O'Donnell has now relented, talking briefly to CNN and to the Times' Mark Leibovich for a profile in which her family described how her father had once played Bozo the Clown. Unfortunately, this claim came into question, and Leibovich wrote in a follow-up blog post that "I was mortified to have possibly played a small role in perpetrating such a falsehood." Daniel O'Donnell later told the reporter he had been a part-time clown but not an official Bozo.

Even accessible politicians have had the media crowd brand them with clownish labels. "I'm guilty of it," Mason says. "Look at the way we write about Joe Biden: the backslapping, glad-handing, gaffe-prone goofball. That doesn't define him at all."

Meanwhile, the White House press corps is left with someone who is hard to caricature as anything other than colorless. There are few anecdotes about interim Chief of Staff Pete Rouse, a behind-the-scenes guy so averse to publicity that he didn't speak at his own announcement ceremony. Some reporters will be tempted to fly to Chicago and cover Rahm's race for mayor, hoping for some fireworks. If he wins, though, he may fade from the national radar, much as Arnold Schwarzenegger did when he completed the transition from celebrity candidate to workaday governor. This label for the press, at least, is accurate: far better at covering campaigning than covering governing.

Leaning which way?

MSNBC has a new slogan -- "Lean Forward" -- that has skeptics wondering what the network of Keith Olbermann and Rachel Maddow is trying to say.

"A rather halfhearted attempt by MSNBC to gloss its same-old lefty line with a coat of empty post-ideological babble," Daniel Foster writes on National Review Online.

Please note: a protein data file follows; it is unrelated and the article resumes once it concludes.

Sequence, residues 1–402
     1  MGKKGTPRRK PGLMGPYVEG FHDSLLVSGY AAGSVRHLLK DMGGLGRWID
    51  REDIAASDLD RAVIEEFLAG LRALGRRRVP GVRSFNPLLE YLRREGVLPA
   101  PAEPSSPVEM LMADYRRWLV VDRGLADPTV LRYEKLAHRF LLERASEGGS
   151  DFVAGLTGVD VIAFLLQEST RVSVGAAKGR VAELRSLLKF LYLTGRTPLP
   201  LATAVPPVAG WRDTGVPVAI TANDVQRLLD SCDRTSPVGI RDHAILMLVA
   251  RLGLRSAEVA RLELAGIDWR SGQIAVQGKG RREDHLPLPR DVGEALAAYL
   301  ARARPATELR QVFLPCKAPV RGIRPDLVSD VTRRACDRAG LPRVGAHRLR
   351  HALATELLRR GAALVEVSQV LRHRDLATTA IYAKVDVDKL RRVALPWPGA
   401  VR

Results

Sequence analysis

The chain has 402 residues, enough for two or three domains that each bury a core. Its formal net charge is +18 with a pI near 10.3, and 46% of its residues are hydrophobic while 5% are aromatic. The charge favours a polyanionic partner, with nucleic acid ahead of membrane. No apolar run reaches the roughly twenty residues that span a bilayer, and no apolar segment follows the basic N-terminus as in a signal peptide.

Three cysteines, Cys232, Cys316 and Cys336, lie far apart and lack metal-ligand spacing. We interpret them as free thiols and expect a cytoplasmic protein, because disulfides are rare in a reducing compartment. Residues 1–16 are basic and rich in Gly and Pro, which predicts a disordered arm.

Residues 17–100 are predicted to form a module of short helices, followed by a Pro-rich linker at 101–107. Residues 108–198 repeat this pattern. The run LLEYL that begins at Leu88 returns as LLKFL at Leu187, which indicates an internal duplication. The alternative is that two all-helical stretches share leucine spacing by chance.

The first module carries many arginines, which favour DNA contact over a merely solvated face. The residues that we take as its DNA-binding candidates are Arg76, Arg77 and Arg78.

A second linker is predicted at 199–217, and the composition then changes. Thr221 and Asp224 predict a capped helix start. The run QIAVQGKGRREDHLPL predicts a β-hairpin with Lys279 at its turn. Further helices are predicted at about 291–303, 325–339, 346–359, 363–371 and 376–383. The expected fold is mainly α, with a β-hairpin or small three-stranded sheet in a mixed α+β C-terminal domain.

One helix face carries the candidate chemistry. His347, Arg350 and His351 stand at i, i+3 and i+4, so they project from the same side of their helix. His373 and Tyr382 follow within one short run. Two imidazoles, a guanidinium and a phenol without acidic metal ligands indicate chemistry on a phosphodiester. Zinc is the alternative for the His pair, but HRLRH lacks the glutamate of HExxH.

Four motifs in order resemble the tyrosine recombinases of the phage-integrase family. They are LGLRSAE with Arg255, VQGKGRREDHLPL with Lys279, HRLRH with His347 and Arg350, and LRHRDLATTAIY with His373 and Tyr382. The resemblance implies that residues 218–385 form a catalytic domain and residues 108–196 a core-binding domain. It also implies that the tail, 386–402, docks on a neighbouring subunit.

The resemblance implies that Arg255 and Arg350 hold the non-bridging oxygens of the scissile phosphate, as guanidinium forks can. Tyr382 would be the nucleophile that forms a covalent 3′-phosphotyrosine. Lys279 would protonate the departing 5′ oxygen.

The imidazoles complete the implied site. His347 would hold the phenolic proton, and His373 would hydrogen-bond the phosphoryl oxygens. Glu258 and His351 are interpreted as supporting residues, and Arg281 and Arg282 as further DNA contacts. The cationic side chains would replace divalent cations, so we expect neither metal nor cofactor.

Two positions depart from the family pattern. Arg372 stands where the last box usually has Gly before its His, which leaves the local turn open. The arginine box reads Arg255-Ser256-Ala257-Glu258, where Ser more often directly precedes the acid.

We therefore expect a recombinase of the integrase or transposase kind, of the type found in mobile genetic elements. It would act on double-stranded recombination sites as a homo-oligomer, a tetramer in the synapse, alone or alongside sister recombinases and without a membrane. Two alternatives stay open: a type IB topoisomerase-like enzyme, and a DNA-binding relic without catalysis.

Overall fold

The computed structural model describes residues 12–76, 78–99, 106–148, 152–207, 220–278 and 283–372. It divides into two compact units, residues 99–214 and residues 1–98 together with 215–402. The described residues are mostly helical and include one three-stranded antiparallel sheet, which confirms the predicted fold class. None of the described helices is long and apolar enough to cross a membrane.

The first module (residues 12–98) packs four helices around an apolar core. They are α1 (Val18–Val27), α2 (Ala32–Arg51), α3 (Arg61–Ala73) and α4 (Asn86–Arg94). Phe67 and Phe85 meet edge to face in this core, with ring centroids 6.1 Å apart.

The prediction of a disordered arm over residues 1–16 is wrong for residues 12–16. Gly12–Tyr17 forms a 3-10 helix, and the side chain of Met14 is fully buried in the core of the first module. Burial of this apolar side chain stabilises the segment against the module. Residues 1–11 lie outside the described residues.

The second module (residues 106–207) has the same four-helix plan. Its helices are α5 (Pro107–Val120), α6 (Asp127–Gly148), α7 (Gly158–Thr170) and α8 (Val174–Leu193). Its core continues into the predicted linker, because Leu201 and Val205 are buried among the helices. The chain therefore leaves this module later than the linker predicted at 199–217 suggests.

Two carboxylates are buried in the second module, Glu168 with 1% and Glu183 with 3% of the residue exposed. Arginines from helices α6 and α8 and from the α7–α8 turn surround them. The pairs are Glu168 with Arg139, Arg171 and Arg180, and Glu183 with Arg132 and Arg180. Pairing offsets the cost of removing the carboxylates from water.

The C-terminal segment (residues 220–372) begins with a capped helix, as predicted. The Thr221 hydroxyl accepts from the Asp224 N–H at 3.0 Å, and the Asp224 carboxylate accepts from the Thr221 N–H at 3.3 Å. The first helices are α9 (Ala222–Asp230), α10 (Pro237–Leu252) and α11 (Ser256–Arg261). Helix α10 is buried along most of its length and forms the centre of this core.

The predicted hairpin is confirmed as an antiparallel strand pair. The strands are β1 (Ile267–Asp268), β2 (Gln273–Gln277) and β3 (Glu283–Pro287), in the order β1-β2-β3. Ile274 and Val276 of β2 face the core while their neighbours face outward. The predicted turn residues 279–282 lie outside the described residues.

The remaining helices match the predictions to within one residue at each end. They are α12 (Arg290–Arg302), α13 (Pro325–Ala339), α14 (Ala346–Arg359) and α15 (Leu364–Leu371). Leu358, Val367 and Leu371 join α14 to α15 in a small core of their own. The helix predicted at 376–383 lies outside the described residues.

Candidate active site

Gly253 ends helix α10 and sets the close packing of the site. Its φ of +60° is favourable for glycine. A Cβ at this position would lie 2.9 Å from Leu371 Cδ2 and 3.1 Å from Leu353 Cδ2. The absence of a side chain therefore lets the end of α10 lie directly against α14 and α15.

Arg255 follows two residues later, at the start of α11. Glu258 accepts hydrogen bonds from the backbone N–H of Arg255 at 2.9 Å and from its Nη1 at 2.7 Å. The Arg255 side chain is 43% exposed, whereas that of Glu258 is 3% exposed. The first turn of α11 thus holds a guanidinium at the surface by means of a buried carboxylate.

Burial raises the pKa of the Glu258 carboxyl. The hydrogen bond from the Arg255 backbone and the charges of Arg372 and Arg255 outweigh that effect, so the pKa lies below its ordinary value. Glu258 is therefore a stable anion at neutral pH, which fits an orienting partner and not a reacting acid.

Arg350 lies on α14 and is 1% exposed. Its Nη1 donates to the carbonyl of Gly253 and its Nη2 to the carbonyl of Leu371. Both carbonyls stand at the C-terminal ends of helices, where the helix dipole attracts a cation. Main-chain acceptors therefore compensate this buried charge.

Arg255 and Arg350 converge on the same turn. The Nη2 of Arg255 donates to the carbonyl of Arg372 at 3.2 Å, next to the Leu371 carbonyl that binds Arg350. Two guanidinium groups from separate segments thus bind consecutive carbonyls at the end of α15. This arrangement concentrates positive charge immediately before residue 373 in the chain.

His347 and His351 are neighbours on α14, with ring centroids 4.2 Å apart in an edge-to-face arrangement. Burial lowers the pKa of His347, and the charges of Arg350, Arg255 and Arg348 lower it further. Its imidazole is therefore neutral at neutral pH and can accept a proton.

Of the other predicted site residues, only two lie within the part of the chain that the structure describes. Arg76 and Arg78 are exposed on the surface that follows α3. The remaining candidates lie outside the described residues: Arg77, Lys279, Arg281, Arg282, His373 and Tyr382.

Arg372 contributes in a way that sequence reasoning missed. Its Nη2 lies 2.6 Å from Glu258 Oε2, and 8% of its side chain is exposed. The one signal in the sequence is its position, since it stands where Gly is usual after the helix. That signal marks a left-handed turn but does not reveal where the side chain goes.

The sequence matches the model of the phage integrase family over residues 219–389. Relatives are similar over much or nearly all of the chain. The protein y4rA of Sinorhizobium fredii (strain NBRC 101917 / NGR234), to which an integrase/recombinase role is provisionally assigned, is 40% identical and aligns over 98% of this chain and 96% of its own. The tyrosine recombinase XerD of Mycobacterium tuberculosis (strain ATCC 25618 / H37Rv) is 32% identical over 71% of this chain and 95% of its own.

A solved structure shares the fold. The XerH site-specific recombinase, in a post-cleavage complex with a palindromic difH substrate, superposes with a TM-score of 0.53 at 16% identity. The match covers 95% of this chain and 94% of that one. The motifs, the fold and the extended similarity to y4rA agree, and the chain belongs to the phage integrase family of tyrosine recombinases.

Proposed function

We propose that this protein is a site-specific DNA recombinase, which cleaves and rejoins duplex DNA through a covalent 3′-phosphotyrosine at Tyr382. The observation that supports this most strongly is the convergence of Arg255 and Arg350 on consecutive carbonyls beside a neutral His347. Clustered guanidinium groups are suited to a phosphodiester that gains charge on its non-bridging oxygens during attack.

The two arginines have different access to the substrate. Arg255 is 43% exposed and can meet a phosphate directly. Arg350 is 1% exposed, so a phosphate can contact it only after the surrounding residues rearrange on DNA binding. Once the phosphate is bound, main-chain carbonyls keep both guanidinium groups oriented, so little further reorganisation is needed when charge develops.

Nonsense, says MSNBC President Phil Griffin, recalling that he got the idea watching Bryant Gumbel lean forward in his chair. "Lean forward has so many meanings," he says. "One is, be engaged. Don't be scared. Don't lean back and be dismissive. Be passionate. Don't lean right, don't lean left. It's a sensibility."

But the extent to which the cable channel's reputation poses a marketing challenge is reflected on its Web site. As the New York Times reported, MSNBC.com is considering changing its name to distance itself from the liberal network. The problem: A different moniker might reduce traffic for one of the most popular online portals.

Follow the money

This is one way to underwrite journalism: ABC News will launch a year-long examination of health crises around the world with a $1.5 million grant from the Bill and Melinda Gates Foundation. The network will kick in $4.5 million and retain editorial control.

Editor ousted

Bill Marimow was canned as editor of the Philadelphia Inquirer last week, a casualty of the infighting over the bankrupt paper's future.

The new owner of the paper concluded that Marimow -- a two-time Pulitzer Prize winner -- did not have the necessary background in digital media, the Inquirer reported. Philadelphia Media Networks, owned by 32 financial institutions, bought the Inquirer at a bankruptcy sale. Stan Wischnowski, the deputy managing editor for operations, was named acting editor.

Marimow had been editor of the Baltimore Sun, but was replaced in 2004 after battling budget cuts at the paper. He became a top executive at National Public Radio before being tapped for the Inquirer job in 2006 by the man who bought it from McClatchy Newspapers.

The latest owners, of course, get to install whomever they want. But dumping a proven journalistic commodity such as Marimow, who will stay on as a reporter, speaks volumes about what the new company values.